158. The inventory system that keeps track of the actual historic cost of each inventory item. When that item is sold, the cost flows into cost of goods sold.
  159. An employee is bonded when an insurance company has issued a policy saying it will pay the employer should the employee ever steal
  160. A listing of all accounts with their balances. Debit balances go in the debit column; credit balances go in the credit column. The debit column must equal the credit column for the books to be in balance.
  161. Investments that the business plans to resell within one year. Also called "investments in marketable securities."
  162. The cost paid for the merchandise sold
  163. Accounts that explain why assets went up from operations
  164. MACRS, for which IRS tables tell the rate by which to multiply an asset's historical cost
  165. An economic resource that is expected to be of benefit in the future.
  166. Journal entry: corporation pays a $3,000 dividend
  167. Financial reports for any period less than one year
  168. The check of business accounting records in order to give an opinion on whether the financial statements present the business fairly
  169. The natural period of time before certain business activities tend to repeat - normally one year
  170. Journal entry: earn $10,000 of rent income received in advance
  171. Plant assets are assets that have a life longer than one year
  172. An accounting value, the equivalent to par value, given to stock with no par value written on the stock certificate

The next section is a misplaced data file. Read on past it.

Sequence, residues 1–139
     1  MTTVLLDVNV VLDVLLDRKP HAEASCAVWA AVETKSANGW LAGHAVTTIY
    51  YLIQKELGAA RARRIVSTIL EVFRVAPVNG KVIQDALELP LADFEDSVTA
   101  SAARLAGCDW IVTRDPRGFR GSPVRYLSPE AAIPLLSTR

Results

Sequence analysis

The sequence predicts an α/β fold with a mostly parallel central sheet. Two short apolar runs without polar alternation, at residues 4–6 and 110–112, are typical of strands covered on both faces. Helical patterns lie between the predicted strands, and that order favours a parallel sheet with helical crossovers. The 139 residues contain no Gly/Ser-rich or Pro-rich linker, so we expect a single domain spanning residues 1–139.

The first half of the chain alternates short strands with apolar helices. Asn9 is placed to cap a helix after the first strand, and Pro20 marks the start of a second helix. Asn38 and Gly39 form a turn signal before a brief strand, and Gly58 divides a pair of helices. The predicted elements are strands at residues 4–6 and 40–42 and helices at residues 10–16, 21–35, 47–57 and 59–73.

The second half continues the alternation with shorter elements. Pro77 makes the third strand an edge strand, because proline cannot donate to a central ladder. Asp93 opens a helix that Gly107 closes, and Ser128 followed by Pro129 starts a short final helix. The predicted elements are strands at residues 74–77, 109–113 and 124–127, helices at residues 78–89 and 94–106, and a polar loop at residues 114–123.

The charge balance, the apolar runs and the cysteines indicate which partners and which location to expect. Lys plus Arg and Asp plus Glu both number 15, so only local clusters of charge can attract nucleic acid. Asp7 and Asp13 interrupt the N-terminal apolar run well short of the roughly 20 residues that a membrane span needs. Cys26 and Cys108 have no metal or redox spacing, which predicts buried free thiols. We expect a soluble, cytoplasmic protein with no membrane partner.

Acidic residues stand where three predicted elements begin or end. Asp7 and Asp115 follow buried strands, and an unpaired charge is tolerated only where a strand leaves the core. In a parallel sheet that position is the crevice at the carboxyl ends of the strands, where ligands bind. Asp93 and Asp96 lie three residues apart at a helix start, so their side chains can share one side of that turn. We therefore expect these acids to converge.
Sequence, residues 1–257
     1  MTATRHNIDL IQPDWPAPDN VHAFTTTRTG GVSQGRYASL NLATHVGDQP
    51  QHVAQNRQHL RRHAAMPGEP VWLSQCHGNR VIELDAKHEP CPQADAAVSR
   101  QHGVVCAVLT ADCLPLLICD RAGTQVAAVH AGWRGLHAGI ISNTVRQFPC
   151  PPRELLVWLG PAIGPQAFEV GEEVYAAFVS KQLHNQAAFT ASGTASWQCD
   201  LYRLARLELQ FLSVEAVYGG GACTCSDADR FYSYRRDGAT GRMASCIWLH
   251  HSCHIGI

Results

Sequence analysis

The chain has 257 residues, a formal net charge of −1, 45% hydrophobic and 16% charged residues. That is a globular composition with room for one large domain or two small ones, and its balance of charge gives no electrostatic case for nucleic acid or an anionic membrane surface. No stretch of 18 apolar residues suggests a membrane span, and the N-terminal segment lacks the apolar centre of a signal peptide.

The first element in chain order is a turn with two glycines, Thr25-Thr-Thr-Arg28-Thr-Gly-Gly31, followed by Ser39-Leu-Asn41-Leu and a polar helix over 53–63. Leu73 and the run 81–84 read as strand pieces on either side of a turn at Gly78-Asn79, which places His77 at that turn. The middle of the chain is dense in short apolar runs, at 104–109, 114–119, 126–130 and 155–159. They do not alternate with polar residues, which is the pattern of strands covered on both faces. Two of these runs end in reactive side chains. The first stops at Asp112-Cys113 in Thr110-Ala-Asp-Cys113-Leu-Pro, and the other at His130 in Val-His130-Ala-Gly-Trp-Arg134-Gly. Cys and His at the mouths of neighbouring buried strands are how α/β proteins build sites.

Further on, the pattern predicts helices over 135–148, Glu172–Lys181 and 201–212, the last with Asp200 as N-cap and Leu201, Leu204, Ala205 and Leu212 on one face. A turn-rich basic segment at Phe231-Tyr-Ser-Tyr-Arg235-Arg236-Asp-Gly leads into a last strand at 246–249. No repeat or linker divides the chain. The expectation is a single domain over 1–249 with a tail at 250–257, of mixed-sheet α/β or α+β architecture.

173. Assets that are available to spend within a year
  174. Accountants licensed by the state as professional independent verifiers of business financial statements
  175. Recognize revenues or expenses on the accounting books even though no cash changes hands
  176. Bond book value
  177. The method of estimating the allowance for uncollectable accounts
  178. An artificial "person" created by the laws of a state that has the right to do business
  179. Debt ratio =
  180. All accounts normally keep balances that are either debits or credits
  181. A check has cleared the bank if the PAYEE has presented the check to the bank and the bank has paid it by taking money out of the MAKER'S account
  182. Corporate net income from all sources EXCEPT six specific items: gains and losses from the sale of business assets or investments; income from discontinued business segments; extraordinary gains and losses that are unusual and infrequent; the cumulative effect of changes in accounting method; unrealized gains and losses from available-for-sale investments; and foreign currency translation adjustments.